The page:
Sp. Fil. 1: 199 (1846) APNI
Threat status:Victoria: rare (r)
Rhizome short, covered in thin, hair-tipped, shiny brown scales. Fronds delicate, clustered near tip of rhizome, 10–35 cm long. Stipe relatively long, slender, pale, grooved, scaly at base, scattered hair-like scales above. Lamina 1–2-pinnate with primary pinnae distant, lanceolate-oblong, light green to mid-green, membranous, glabrous; rachises slender and grooved. Pinnae shortly stalked near base of lamina, ovate to triangular, deeply lobed or toothed; primary pinnae ovate to oblong, up to 4 cm long; apices broadly acute. Sori near margins, numerous, round, on vein which continues beyond it; indusium attached at inflated base, delicate, pale, ovate and often with pointed or toothed apex, shed early.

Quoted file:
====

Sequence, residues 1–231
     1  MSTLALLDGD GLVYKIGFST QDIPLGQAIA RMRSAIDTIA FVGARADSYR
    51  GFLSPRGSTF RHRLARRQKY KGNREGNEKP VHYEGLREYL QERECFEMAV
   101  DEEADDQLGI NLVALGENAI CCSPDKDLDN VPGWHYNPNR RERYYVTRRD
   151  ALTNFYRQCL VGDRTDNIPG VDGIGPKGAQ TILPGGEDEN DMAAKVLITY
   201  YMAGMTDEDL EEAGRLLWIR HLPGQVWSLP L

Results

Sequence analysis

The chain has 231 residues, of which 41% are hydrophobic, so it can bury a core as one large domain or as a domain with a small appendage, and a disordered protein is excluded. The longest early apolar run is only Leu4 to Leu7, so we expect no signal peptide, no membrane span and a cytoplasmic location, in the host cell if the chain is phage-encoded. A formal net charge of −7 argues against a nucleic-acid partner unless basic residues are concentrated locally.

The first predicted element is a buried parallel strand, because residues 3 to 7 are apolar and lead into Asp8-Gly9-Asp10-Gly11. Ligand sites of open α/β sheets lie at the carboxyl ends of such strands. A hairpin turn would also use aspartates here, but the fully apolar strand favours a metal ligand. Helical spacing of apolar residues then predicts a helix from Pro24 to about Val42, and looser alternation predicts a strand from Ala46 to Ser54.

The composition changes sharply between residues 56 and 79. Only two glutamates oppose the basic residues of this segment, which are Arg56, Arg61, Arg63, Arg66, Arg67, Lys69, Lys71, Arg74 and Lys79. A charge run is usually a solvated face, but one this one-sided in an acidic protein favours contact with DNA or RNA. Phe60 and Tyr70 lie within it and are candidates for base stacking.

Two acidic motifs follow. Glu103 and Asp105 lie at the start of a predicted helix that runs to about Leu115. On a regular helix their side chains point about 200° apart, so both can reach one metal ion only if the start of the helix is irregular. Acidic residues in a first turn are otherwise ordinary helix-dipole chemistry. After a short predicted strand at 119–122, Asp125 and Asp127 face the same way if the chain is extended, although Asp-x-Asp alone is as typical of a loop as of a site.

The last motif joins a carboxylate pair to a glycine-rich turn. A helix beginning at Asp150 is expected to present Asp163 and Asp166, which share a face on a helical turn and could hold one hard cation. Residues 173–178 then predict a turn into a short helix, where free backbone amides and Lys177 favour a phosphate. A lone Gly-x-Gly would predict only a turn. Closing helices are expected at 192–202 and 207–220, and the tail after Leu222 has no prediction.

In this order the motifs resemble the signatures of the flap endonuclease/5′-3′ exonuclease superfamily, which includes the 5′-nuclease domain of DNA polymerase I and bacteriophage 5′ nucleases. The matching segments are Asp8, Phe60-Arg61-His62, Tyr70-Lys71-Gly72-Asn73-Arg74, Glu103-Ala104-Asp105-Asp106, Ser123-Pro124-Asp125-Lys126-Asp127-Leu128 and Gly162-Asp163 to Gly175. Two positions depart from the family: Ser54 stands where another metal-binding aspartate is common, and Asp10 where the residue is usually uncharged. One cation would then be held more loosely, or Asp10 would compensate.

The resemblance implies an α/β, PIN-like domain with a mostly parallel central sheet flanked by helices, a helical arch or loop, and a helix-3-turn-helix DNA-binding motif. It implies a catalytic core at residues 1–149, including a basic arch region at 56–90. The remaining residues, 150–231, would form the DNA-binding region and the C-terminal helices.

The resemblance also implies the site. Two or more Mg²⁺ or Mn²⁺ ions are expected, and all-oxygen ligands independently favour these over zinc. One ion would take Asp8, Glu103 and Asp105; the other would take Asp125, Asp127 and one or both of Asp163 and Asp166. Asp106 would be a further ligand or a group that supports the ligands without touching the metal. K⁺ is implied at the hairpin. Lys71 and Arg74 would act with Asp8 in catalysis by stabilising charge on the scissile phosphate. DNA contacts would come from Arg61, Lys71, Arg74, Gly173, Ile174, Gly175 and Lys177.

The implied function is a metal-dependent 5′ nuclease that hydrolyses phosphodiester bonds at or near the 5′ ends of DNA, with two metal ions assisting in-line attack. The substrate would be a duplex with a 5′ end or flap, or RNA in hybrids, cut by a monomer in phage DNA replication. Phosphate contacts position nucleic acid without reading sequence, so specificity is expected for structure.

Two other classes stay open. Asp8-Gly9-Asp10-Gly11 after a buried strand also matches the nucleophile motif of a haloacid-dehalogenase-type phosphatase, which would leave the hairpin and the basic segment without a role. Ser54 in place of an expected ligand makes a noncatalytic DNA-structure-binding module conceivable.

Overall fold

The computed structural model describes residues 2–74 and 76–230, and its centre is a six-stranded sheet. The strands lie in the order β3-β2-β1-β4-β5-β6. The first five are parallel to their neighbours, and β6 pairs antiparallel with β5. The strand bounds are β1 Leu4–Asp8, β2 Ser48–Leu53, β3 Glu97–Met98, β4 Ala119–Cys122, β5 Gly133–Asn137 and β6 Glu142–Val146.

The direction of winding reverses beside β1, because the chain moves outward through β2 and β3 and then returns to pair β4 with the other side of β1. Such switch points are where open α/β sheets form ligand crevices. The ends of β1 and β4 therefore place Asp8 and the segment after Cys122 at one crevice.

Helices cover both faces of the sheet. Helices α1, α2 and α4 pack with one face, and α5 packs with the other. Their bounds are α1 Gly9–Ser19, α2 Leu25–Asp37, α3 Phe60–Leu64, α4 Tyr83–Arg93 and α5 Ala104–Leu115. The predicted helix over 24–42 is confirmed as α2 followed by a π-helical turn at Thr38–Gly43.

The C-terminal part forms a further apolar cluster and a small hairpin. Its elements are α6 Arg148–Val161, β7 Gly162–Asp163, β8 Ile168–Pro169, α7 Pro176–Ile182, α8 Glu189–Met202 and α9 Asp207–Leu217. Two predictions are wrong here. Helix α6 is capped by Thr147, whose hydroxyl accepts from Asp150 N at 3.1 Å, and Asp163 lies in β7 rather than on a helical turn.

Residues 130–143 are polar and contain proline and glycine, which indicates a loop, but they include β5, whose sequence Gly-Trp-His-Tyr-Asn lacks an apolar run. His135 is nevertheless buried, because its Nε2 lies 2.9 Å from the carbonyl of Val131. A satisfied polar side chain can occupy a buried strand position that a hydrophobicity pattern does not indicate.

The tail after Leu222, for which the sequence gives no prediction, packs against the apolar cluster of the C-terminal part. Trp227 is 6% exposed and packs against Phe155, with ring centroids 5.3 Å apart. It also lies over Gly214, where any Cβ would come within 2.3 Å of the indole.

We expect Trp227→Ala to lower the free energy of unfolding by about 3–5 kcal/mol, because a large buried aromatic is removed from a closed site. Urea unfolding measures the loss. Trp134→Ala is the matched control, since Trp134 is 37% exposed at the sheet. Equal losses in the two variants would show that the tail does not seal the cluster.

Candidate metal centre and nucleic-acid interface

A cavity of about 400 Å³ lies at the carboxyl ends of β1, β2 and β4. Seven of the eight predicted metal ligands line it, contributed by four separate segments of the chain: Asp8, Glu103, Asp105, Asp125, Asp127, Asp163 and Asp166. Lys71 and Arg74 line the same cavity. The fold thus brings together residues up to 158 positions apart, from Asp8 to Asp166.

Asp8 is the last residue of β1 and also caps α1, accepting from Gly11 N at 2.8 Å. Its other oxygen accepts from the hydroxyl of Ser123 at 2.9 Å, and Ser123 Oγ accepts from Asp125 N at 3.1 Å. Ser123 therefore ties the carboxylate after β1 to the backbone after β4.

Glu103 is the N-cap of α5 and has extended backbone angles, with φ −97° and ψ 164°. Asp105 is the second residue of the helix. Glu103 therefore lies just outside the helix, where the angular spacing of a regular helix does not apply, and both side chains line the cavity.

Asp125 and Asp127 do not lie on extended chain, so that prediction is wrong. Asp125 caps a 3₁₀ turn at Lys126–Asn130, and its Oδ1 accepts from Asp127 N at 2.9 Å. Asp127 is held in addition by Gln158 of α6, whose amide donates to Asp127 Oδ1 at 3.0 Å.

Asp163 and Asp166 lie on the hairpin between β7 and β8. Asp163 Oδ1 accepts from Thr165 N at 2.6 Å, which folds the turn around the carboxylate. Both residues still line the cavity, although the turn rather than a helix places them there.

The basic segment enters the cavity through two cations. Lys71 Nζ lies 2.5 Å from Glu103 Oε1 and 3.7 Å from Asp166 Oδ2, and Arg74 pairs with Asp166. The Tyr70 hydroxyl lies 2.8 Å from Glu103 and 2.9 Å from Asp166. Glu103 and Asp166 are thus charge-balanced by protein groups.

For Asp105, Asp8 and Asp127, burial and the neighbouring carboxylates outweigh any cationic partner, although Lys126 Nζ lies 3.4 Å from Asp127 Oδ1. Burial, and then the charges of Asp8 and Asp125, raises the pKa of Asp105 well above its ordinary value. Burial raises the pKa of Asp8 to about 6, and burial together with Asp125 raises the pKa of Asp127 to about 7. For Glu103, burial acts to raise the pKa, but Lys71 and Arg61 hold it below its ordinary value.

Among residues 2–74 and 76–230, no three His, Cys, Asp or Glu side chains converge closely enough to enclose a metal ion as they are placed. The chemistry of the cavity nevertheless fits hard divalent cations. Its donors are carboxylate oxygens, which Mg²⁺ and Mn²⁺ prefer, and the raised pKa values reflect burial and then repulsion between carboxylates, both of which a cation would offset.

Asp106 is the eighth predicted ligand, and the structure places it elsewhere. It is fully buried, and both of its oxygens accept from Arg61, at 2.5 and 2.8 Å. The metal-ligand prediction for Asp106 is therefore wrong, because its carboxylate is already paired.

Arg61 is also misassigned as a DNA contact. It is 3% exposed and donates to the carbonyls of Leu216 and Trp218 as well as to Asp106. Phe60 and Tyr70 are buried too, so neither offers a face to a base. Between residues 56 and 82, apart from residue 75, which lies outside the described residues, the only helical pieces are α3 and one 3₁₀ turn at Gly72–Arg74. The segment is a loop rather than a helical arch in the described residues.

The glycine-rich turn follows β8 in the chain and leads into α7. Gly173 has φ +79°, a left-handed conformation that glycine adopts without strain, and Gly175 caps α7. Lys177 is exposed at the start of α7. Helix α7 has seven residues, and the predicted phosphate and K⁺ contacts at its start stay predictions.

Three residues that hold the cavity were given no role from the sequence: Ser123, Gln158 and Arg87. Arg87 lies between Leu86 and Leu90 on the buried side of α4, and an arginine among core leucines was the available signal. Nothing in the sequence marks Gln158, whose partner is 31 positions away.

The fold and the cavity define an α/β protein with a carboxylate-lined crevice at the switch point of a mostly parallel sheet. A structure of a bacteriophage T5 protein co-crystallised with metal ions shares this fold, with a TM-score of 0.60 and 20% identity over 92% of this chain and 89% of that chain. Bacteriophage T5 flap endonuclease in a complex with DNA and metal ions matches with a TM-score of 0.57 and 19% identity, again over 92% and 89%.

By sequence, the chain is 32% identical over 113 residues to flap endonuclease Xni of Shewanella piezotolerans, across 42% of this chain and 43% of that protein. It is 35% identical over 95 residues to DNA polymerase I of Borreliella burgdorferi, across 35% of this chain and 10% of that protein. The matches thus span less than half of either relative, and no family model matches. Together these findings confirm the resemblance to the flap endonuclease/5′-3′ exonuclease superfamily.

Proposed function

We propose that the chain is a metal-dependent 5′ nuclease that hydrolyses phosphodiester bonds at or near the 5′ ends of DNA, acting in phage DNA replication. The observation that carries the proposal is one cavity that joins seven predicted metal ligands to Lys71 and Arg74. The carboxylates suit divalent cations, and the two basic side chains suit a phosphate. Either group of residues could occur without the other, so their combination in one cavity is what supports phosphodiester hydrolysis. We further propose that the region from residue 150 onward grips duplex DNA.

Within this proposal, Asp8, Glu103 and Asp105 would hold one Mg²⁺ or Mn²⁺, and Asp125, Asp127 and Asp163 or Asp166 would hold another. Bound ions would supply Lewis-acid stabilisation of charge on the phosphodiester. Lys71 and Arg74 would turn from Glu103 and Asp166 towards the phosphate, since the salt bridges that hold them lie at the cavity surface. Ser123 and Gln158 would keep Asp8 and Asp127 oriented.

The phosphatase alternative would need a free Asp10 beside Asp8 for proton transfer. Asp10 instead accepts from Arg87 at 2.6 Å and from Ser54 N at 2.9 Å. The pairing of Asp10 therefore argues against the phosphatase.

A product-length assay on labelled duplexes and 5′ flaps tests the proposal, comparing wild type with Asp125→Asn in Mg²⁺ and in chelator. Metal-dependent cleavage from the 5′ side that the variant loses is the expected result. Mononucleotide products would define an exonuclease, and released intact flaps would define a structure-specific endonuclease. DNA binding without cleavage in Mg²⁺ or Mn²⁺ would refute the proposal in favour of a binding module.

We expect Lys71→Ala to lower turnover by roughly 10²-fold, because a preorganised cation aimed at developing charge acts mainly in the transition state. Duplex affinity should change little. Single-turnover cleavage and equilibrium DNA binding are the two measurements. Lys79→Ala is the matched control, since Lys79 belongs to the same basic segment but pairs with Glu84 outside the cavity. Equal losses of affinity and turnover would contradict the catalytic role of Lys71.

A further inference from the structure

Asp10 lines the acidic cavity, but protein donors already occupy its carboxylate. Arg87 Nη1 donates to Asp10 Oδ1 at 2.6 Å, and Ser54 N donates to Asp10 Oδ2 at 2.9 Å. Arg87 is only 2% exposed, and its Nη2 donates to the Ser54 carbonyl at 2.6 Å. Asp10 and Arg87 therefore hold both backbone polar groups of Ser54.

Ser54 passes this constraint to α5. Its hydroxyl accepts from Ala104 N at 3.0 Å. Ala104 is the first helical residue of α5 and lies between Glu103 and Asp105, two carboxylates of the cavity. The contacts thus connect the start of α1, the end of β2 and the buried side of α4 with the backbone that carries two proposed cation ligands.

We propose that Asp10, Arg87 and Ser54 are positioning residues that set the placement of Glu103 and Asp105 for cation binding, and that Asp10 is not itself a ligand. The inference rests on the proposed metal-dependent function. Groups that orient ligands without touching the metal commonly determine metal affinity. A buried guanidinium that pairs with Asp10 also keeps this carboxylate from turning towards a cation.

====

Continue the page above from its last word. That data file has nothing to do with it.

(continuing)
EGU, HSF, MonT, SnM, VAlp. NSW, Tas. New Zealand, possibly South America. Rare in Victoria and confined to moist, shaded ledges and crevices of rock faces in alpine and higher subalpine regions, often near waterfalls (e.g Bryces Gorge, Bogong and Dargo High Plains, Little River Falls near Wulgulmerang).
The small fronds with a delicate, light green lamina are distinctive. The name C. tasmanica Hook. has been recently resurrected to include plants native to Victoria, Tasmania and New Zealand which are distinct from C. fragilis of the Northern Hemisphere (Brownsey et al. 1985, Brownsey & Smith-Dodsworth 1989). The fronds of Cystopteris tasmanica are less divided than those of C. fragilis, usually smaller, and the primary pinnae are shorter and have broadly acute, rather than tapering, apices. Cystopteris fragilis has been naturalised in parts of New Zealand but is so far unknown from Victoria.
|Bioregion||Occurrence status||Establishment means|
|East Gippsland Uplands||present||native|
|New South Wales|